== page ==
Remembering Jack Welch
By Joe Rizzo (Executive Director, New England Lean Consortium)
Jack Welch, former CEO of General Electric, passed away on March 1, 2020, at the age of 84. He was a remarkable man in many ways. He served as CEO of General Electric for twenty years, from 1981 through 2001.
For those twenty years, GE recorded record Sales and record profits for eighty consecutive quarters. This is a remarkable achievement that very few, if any, other CEOs have achieved. As a result, GE stock rose every year, split two for one, and rose again the following year. Jack Welch made many millionaires of those people who invested in GE stock. Jack was known as the “the toughest boss in America”. He demanded a lot from the employees of GE. He believed in stretching people to the full extent of their talents and capabilities. It has been said that Jack spent 25% of his time doing people evaluations, which included identifying “Hipots” (high potentials) and developing a career path for each individual. Jack was also known as “Neutron Jack” as he fired over 200,000 people throughout the acquisitions of new businesses and the sale of old businesses. Whenever he went into a GE department for a business review, he assumed that 20% of the people there were excess and were not needed. He usually left the business review with a directive to reduce the headcount of the department by 20%.
One of Jack’s more memorable quotes referred to this process of personnel evaluations. “Whenever you become a leader, success is all about growing others.”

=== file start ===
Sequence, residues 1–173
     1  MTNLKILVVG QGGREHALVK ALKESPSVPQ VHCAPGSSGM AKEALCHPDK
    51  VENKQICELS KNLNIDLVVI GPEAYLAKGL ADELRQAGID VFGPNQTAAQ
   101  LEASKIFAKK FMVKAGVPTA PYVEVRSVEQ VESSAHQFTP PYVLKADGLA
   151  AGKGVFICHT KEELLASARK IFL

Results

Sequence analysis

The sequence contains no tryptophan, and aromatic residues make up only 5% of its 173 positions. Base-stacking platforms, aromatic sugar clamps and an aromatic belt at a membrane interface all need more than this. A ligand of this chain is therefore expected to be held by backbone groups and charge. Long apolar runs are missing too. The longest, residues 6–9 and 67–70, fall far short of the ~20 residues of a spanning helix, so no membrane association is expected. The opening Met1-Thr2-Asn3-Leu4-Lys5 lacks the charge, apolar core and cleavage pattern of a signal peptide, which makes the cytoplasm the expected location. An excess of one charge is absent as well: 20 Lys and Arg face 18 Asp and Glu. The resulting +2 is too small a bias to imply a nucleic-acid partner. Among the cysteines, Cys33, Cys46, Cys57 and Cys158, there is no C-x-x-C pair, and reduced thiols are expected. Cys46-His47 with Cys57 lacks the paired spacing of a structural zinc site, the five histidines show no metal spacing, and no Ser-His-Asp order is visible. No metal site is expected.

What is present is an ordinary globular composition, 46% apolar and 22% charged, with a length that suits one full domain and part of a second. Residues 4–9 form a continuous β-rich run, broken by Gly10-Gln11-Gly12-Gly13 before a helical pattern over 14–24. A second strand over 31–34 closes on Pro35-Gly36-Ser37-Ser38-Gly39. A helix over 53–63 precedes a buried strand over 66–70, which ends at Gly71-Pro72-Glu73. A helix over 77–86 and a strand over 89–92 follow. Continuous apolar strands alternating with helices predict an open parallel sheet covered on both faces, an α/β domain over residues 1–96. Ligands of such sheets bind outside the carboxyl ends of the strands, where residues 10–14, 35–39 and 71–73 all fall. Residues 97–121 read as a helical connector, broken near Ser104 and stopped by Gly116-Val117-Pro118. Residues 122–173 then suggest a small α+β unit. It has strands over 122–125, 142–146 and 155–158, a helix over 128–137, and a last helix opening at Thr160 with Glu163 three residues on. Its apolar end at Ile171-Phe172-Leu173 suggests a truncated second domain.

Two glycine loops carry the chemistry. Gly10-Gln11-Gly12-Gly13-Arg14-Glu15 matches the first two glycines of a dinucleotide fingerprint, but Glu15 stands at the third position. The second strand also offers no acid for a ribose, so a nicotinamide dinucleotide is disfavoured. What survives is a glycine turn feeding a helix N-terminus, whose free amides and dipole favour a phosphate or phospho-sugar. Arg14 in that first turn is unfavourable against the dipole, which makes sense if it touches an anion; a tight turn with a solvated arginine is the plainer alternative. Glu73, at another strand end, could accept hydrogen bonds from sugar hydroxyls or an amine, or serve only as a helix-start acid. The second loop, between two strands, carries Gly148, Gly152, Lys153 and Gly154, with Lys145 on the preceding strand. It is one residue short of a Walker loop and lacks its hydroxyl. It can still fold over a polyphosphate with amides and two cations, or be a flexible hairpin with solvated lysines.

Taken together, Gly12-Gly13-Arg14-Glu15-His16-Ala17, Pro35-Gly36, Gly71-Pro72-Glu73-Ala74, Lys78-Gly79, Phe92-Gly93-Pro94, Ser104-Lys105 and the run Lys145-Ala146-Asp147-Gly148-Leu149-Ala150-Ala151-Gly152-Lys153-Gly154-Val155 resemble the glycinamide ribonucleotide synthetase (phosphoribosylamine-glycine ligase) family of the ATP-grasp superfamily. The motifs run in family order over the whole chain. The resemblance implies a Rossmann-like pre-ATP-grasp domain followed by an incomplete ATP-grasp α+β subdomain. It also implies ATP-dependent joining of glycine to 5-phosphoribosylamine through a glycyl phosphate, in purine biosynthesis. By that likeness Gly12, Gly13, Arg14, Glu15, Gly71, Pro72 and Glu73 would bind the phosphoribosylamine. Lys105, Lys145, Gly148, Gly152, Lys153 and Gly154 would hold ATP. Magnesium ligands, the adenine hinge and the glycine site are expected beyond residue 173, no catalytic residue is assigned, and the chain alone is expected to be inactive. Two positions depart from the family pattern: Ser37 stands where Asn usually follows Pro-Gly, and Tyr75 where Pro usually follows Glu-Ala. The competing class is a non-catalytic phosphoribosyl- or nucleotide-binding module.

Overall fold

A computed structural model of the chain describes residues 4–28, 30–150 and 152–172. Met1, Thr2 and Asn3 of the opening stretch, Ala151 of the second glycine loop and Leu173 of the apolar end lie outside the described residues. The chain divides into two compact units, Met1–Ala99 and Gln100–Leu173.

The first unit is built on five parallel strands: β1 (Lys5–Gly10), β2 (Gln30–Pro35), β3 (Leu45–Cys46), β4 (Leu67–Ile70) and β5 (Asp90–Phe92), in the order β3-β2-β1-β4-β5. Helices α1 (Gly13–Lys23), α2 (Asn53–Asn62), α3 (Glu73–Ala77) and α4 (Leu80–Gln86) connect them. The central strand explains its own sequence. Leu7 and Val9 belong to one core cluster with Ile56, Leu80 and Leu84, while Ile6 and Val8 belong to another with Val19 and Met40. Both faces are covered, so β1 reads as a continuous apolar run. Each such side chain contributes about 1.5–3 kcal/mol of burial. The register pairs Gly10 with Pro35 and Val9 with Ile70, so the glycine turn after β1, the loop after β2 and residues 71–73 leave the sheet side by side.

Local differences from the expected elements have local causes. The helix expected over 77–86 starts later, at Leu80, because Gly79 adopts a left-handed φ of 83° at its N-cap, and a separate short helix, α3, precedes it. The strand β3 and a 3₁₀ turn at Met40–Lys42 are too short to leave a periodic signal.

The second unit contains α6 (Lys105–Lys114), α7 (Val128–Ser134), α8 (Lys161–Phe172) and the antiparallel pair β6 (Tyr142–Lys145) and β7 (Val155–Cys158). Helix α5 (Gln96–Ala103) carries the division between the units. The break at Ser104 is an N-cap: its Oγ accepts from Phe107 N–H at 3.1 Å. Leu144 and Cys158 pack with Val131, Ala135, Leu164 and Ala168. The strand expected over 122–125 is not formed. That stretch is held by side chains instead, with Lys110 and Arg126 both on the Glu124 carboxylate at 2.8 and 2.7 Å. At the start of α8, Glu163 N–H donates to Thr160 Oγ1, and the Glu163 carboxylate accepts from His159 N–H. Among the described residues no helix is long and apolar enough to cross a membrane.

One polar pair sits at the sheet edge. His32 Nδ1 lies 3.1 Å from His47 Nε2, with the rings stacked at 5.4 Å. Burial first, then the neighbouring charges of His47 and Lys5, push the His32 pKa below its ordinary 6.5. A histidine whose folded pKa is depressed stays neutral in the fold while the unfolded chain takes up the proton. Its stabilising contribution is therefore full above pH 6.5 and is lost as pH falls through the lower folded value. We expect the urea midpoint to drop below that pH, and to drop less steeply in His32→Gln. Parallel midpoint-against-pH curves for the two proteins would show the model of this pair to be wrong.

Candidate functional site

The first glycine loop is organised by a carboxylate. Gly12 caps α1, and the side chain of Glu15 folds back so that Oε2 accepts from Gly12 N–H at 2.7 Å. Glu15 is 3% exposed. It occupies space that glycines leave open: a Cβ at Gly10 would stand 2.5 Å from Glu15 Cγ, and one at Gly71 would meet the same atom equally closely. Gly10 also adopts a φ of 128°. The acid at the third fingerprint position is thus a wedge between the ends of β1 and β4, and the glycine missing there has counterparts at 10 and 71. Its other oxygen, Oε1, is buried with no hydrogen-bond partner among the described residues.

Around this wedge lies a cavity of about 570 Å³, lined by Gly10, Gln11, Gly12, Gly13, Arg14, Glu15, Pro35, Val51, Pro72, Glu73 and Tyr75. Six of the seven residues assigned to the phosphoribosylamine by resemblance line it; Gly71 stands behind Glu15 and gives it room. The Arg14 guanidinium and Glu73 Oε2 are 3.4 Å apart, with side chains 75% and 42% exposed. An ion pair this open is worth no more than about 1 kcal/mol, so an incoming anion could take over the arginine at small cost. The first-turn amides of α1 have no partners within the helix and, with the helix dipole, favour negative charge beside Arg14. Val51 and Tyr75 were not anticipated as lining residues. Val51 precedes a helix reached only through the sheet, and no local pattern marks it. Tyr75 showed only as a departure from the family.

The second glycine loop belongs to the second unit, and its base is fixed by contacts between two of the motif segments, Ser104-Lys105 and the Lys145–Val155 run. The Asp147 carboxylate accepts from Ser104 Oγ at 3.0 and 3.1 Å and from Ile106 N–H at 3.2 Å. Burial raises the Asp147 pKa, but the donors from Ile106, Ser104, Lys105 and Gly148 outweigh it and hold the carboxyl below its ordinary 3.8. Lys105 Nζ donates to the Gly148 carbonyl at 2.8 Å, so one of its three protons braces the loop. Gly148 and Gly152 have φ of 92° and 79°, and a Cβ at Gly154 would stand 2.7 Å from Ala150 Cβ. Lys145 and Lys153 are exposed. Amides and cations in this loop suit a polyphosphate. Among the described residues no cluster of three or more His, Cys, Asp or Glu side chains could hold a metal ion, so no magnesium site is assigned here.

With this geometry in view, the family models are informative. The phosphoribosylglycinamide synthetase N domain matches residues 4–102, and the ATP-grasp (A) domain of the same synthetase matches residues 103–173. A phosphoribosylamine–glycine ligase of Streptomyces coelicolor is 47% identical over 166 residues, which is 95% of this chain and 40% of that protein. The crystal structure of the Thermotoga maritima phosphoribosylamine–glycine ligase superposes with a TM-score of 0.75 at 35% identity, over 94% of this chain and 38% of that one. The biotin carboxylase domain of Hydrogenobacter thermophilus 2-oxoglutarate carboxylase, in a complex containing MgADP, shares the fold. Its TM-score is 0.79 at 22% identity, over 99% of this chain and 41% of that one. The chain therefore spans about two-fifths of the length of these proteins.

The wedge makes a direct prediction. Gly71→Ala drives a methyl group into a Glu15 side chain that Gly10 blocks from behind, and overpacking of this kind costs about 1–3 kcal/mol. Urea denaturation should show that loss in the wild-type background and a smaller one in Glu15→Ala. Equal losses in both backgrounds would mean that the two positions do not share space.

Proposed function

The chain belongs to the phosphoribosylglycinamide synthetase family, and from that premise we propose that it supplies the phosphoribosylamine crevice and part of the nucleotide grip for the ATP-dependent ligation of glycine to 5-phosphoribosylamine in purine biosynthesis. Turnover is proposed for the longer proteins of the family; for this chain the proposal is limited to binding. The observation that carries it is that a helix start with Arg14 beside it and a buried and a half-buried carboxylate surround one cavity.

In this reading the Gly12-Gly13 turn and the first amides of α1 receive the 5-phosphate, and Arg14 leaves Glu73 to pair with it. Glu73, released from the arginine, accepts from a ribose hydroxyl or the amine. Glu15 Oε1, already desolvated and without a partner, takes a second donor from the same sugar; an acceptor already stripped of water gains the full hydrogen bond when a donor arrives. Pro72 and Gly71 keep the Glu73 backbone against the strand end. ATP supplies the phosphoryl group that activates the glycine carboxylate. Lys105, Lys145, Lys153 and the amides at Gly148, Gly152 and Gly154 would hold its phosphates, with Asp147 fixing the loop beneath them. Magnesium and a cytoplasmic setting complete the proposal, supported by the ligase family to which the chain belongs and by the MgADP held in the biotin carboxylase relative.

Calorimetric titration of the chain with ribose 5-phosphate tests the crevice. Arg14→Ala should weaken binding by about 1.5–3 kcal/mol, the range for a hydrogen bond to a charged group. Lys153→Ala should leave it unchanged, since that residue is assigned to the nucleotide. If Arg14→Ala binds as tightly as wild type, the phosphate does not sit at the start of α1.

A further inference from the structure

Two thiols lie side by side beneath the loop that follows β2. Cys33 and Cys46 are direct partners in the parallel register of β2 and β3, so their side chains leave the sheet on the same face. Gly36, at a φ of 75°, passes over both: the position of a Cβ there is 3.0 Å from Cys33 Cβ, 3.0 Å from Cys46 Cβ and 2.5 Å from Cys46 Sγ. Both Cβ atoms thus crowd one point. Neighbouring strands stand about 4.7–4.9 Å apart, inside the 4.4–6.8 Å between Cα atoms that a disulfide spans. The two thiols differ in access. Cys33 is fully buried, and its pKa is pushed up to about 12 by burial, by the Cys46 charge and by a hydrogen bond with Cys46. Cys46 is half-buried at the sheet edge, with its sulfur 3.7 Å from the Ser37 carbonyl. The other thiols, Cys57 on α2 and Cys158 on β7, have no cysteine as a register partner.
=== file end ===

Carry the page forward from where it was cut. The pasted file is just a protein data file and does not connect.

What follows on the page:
I was fortunate to start my career at General Electric as a Process Engineer in the Insulating Materials Department of General Electric in Schenectady, NY, in 1966. My first assignment was as the Process Engineer for Insulating Powders. I was assigned to a Senior Engineer for training and direction. After three months, the Senior Engineer left GE to start his own company, and I was suddenly in charge of a product line. For the next three months, the product line made money, something it did not do for the previous five years. However, during those three months, the Department evaluated the business line and made a decision to get out of the Insulating Powders business. I was offered the opportunity to become the Process Engineer for the mica mat paper operation in Coshocton, Ohio. I accepted the challenge but did not realize that I would have to travel to Coshocton every other week. In my fourth year at General Electric, I was offered the position of Production Engineer for Building 29, the mica fabrication operation, which I gladly accepted, as I no longer had to travel to Coshocton, Ohio. It was that year, 1971, that Jack Welch was promoted to the position of Vice President of the Chemical and Metallurgical Division. The Insulating Materials Department was in that Division and the General Manager reported directly to Jack. As is the norm when someone assumes a multi-department Division, the Vice President visits each Department for a business review. When Jack visited the Insulating Materials Department, the General Manager was pleased to announce that IMD had achieved a 5.4% net to Sales for the year 1970. The GM went on to explain that this was a good thing as the company average was 5.0%, and IMD was above the company average. Jack stopped the GM right there and informed the GM that if he wanted to stay in the Chemical and Metallurgical Division, he had to achieve double digit per cent net to Sales. As was the case with Jack, he was always raising the bar. No matter what you accomplished in the previous year, he expected and demanded more in the following year. The following year, Jack returned to the Insulating Materials Department for a business review of 1971. The General Manager enthusiastically reported to Jack that IMD had a great year as the net percentage to Sales increased by fifty per cent to 8.2%. Jack reminded the General Manager that a year ago he was informed that he had to achieve double digit net percent to Sales, which the GM did not do. Jack immediately fired the General Manager and half of the Senior Management Staff, plus several middle managers at the Insulating Materials Department. He also left instructions to reduce the workforce by 20%. In his book, “Straight from the Gut”, Jack discussed the early decisions that he had to make when he assumed the position of Vice President of the Chemical and Metallurgical Division. “I eventually had to deliver the bad news to three of the executives who reported to me in the new job in 1971.” One of those executives was the General Manager of the Insulating Materials Department.